Mammograms the AI has labeled as ambiguous or “confident cancer” are referred to a radiologist—but only after the doctor has offered an initial, independent assessment.
Radiologists classify mammograms on a 0 to 6 scale known as BI-RADS, where lower is better. A score of 3 indicates that something is probably benign, but worth checking up on. If Vara has assigned a BI-RADS score of 3 or higher to a mammogram the radiologist labels normal, a warning appears.
AI generally excels at image classification. So why did Vara’s AI on its own underperform a lone doctor? Part of the problem is that a mammogram alone can’t determine whether someone has cancer—that requires removing and testing the abnormal-looking tissue. Instead, the AI examines mammograms for hints.
Christian Leibig, lead author on the study and director of machine learning at Vara, says that mammograms of healthy and cancerous breasts can look very similar, and both types of scans can present a wide range of visual results. This complicates AI training. So does the low prevalence of cancer in breast screenings (according to Leibig, “in Germany, it’s roughly six in 1,000”). Because AIs trained to catch cancer are mostly trained on healthy breast scans, they can be prone to false positives.
The study tested the AI only on past mammogram decisions and assumed that radiologists would agree with the AI each time it issued a decision of “confident normal” or “confident cancer.” When the AI was unsure, the study defaulted to the original radiologist’s reading. That means it couldn’t test how using AI affects radiologists’ decisions—and whether any such changes may create new risks. Töllner admits he spends less time scrutinizing scans Vara labels normal than those it deems suspicious. “You get quicker with the normals because you get confident with the system,” he says.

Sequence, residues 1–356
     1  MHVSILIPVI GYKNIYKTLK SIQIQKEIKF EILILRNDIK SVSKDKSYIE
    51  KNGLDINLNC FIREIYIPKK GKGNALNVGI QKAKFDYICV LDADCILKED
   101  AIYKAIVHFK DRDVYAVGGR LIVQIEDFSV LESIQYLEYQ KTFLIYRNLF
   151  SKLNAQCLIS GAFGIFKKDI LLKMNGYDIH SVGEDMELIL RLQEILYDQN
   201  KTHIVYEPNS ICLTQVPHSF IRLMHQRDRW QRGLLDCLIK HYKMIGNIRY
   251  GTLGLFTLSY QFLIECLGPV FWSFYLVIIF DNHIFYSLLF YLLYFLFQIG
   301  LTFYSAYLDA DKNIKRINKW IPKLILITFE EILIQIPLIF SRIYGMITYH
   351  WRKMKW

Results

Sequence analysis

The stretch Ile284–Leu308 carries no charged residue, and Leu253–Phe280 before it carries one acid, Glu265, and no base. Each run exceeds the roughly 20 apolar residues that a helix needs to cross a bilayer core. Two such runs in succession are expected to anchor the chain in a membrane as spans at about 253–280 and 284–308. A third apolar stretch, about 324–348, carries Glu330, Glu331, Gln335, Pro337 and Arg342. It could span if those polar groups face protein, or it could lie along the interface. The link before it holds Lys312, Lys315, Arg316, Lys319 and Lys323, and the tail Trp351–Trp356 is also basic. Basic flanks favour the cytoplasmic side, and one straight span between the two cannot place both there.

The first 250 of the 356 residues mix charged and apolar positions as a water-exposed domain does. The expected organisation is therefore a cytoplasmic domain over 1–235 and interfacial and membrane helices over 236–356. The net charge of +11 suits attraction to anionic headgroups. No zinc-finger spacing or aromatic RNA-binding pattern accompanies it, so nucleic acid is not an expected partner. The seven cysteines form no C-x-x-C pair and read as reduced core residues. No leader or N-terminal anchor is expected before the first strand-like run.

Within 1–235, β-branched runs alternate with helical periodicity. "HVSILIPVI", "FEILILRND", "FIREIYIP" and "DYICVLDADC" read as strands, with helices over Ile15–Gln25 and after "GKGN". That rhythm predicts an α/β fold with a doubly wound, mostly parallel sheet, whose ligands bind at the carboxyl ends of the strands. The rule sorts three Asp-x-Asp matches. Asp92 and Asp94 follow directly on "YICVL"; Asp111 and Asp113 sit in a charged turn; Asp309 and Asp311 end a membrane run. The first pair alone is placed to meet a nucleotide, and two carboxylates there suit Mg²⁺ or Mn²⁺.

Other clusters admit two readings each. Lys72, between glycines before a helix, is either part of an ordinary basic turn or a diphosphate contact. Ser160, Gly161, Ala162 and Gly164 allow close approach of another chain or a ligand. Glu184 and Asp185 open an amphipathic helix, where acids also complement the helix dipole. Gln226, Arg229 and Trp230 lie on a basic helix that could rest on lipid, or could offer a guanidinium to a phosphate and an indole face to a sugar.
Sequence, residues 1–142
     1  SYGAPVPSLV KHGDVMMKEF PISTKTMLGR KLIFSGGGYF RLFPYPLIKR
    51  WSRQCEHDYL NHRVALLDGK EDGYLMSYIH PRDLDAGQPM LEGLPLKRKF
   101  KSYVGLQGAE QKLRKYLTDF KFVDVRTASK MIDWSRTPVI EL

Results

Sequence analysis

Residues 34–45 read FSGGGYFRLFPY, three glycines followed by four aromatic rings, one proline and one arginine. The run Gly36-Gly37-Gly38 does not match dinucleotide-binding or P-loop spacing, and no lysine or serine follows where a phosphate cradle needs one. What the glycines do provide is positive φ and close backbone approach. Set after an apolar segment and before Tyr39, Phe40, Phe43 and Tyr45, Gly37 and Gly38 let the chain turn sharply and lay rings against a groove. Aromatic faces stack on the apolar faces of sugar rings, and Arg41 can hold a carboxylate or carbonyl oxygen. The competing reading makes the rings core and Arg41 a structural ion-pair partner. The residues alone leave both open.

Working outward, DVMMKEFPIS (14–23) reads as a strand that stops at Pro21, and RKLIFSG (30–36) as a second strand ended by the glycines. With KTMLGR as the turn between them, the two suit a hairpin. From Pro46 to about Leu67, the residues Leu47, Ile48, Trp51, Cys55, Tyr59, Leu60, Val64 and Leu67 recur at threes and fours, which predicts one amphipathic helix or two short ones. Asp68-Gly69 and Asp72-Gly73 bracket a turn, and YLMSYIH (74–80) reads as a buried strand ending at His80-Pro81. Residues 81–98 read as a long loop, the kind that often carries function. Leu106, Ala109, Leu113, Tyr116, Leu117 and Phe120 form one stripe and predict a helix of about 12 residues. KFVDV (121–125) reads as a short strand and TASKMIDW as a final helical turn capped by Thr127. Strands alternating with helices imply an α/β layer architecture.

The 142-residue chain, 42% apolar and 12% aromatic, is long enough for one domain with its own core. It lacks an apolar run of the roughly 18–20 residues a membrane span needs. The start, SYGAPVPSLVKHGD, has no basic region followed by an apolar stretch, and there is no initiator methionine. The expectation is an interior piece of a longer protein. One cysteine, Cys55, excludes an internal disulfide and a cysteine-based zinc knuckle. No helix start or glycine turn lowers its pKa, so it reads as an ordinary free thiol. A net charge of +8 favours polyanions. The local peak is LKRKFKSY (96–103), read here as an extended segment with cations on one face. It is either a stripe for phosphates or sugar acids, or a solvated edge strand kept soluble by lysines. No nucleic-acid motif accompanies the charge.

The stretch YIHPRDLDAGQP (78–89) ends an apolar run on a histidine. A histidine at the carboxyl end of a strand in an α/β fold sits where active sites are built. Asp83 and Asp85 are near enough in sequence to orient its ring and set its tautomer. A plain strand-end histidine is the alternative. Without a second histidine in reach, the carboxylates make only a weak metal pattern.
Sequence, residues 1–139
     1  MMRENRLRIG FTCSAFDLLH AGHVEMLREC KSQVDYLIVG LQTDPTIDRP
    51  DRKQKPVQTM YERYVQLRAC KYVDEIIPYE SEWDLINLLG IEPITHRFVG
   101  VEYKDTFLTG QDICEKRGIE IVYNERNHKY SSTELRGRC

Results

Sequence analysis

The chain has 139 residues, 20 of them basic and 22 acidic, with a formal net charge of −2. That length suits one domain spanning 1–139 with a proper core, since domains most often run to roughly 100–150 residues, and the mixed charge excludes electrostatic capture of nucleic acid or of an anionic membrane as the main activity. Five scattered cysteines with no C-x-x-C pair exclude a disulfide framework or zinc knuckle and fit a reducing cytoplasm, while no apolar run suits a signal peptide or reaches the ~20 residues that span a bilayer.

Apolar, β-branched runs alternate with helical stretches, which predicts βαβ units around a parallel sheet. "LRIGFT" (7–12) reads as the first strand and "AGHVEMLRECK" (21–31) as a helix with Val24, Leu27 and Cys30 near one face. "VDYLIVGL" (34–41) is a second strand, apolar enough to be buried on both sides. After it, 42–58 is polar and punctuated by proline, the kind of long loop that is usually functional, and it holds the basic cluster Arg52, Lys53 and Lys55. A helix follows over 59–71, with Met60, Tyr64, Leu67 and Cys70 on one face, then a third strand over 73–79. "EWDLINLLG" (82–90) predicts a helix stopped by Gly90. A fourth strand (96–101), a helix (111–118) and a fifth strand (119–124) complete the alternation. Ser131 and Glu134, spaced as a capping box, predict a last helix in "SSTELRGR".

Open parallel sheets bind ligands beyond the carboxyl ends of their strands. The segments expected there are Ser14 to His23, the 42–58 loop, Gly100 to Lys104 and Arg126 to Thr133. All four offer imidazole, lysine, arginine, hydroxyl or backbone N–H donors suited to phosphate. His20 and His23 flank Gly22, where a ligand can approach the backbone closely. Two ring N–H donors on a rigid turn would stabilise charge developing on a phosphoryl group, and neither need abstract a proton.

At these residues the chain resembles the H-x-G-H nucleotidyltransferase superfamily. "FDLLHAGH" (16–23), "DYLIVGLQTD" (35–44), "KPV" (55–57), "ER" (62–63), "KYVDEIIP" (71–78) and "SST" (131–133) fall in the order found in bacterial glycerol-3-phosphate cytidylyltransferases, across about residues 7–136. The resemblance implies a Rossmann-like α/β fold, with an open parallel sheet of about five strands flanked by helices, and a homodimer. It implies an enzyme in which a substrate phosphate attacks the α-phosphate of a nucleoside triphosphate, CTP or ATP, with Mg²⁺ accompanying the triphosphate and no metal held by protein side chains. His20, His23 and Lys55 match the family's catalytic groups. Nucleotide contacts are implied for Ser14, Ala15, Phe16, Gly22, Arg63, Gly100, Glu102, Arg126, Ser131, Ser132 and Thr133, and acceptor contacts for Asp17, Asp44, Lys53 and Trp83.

Curtis Langlotz, director of Stanford's Center for Artificial Intelligence in Medicine and Imaging, is impressed, but he says the next step would be to confirm how well the AI performs over a long period of time in actual clinics with real patients.
So far, attempts to fully replace radiologists with AI have failed. A 2021 review found that in 34 of 36 studies, the AI did worse than a single radiologist at screening for breast cancer from mammograms. All 36 were less accurate than the consensus of two radiologists, which some countries require.
“We often say that AI will not replace radiologists,” Langlotz says. “This study doesn’t change that, but in the proposed AI-driven process nearly three-quarters of the screening studies didn’t need to be reviewed by a radiologist, while improving accuracy overall.” That, he says, is “groundbreaking.”
Langlotz adds that this approach could ease the shortage of radiologists, especially in countries such as Malawi, where there is one radiologist per 8.8 million people, or India, a country of 1.4 billion served by one radiologist for every 100,000 people. Even the US, which proportionally has 10 times as many radiologists as India, is projected to be short 17,000 radiologists by 2033.
Töllner is optimistic that more radiologists using AI will mean earlier breast cancer detection, which could improve survival rates. He also hopes Vara will help quash the high number of false positives—patients recalled for further testing who are actually fine.
Correction: An earlier version of this story incorrectly stated that a doctor and AI working together were 3.6% better at detecting breast cancer than a doctor working alone. The correct figure is 2.6%.